By Leika Kihara
TOKYO (Reuters) – Asia’s manufacturers faced worsening pressure in October with factory activity in China slipping back into decline, clouding recovery prospects for the region’s major exporters already squeezed by weaker global demand and higher prices.
Purchasing managers’ indexes (PMIs) for factory powerhouses China, Japan and South Korea showed activity shrinking while Vietnam and Malaysia also struggled with the broadening fallout from a Chinese slowdown.
China’s Caixin/S&P Global manufacturing PMI fell to 49.5 in October from 50.6 in September, a private sector survey showed on Wednesday, falling back below the 50.0 point threshold that separates growth from contraction.
The Chinese survey echoed a downbeat official PMI reading on Tuesday, which also showed an unexpected contraction in activity, casting doubt over recent hopes of a recovery in the world’s second-largest economy.
“Overall, manufacturers were not in high spirits in October,” said Wang Zhe, an economist at Caixin Insight Group, on China’s survey outcome.
“The economy has showed signs of bottoming out, but the foundation of recovery is not solid. Demand is weak, many internal and external uncertainties remain, and expectations are still relatively weak.”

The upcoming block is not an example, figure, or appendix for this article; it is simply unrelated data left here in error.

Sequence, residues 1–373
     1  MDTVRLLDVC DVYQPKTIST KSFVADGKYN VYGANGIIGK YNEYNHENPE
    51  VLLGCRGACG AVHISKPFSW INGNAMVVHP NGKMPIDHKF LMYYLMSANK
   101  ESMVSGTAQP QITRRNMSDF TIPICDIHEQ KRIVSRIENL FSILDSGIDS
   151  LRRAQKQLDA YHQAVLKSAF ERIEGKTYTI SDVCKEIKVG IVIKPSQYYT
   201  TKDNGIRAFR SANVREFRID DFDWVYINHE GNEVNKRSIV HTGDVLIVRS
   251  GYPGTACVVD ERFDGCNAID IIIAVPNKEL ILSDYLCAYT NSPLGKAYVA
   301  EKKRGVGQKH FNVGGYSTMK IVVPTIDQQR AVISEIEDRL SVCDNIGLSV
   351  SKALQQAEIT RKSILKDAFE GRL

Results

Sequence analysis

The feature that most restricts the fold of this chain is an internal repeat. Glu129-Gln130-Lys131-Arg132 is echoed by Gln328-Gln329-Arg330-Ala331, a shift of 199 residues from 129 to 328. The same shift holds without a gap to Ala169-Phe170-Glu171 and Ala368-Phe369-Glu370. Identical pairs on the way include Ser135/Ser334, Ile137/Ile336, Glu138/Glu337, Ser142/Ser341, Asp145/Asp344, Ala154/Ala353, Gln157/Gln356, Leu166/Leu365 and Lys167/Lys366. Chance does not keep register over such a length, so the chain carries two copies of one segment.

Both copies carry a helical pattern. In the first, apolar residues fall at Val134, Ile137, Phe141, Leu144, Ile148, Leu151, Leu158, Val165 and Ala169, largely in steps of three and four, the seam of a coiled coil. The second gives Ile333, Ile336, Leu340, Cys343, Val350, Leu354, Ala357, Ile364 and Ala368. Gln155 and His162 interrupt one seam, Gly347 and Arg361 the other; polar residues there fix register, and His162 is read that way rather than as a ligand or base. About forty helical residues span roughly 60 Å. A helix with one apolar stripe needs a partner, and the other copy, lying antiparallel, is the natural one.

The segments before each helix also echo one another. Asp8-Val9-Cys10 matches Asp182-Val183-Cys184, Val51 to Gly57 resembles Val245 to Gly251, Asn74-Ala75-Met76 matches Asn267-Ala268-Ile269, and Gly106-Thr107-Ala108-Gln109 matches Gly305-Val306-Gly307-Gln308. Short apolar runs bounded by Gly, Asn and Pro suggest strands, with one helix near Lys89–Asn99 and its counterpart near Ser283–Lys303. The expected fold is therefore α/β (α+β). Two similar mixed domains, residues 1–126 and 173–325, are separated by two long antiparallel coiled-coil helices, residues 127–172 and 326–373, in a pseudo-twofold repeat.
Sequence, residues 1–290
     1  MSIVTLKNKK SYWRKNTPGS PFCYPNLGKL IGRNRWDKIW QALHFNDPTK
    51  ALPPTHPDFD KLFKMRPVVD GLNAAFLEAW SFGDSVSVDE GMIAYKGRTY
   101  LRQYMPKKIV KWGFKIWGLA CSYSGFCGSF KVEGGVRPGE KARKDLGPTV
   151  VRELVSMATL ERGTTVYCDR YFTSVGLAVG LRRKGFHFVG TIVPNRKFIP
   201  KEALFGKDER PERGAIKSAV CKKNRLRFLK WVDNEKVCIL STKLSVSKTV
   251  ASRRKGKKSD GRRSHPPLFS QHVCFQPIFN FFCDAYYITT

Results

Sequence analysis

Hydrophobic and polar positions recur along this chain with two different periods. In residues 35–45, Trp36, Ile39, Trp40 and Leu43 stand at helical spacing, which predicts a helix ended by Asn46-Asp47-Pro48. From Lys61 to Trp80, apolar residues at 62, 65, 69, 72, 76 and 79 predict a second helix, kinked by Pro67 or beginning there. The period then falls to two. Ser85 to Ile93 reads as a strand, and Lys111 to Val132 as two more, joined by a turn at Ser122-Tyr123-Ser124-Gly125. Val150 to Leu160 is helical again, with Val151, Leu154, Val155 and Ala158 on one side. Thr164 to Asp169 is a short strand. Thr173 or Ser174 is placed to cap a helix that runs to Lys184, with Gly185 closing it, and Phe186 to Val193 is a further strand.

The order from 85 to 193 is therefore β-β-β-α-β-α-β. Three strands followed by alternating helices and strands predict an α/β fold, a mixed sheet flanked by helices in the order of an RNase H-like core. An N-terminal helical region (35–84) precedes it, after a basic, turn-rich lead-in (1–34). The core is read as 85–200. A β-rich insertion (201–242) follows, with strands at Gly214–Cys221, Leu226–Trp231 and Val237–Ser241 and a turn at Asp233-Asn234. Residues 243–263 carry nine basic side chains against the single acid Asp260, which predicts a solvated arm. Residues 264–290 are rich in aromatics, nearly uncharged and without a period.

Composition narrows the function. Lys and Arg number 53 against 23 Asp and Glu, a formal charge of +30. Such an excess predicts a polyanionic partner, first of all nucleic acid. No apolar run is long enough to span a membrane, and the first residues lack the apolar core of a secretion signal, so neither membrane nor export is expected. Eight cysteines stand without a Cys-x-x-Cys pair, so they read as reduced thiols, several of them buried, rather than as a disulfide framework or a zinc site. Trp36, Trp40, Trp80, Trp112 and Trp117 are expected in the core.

The impact of China’s slowdown is being felt in countries like Japan and South Korea, whose manufacturers are heavily reliant on demand from the Asian giant.
Japan’s factory activity shrank for a fifth straight month in October, the final au Jibun Bank PMI showed.
That came a day after official figures showed Japan’s factory output rose much less than expected in September as demand slowed significantly.
Japanese machinery makers like Fanuc and Murata Manufacturing recently reported weak six-month earnings due to sluggish Chinese demand.
South Korea’s factory activity fell for the 16th straight month while PMIs from Taiwan, Vietnam and Malaysia also showed continued declines in activity.
The International Monetary Fund (IMF) has warned that China’s weak recovery and the risk of a more protracted property crisis could further dent Asia’s economic prospects.
In its World Economic Outlook released last month, the IMF cut next year’s growth estimate for Asia to 4.2% from 4.4% projected in April, and down from 4.6% forecast for this year.
(Reporting by Leika Kihara. Editing by Sam Holmes)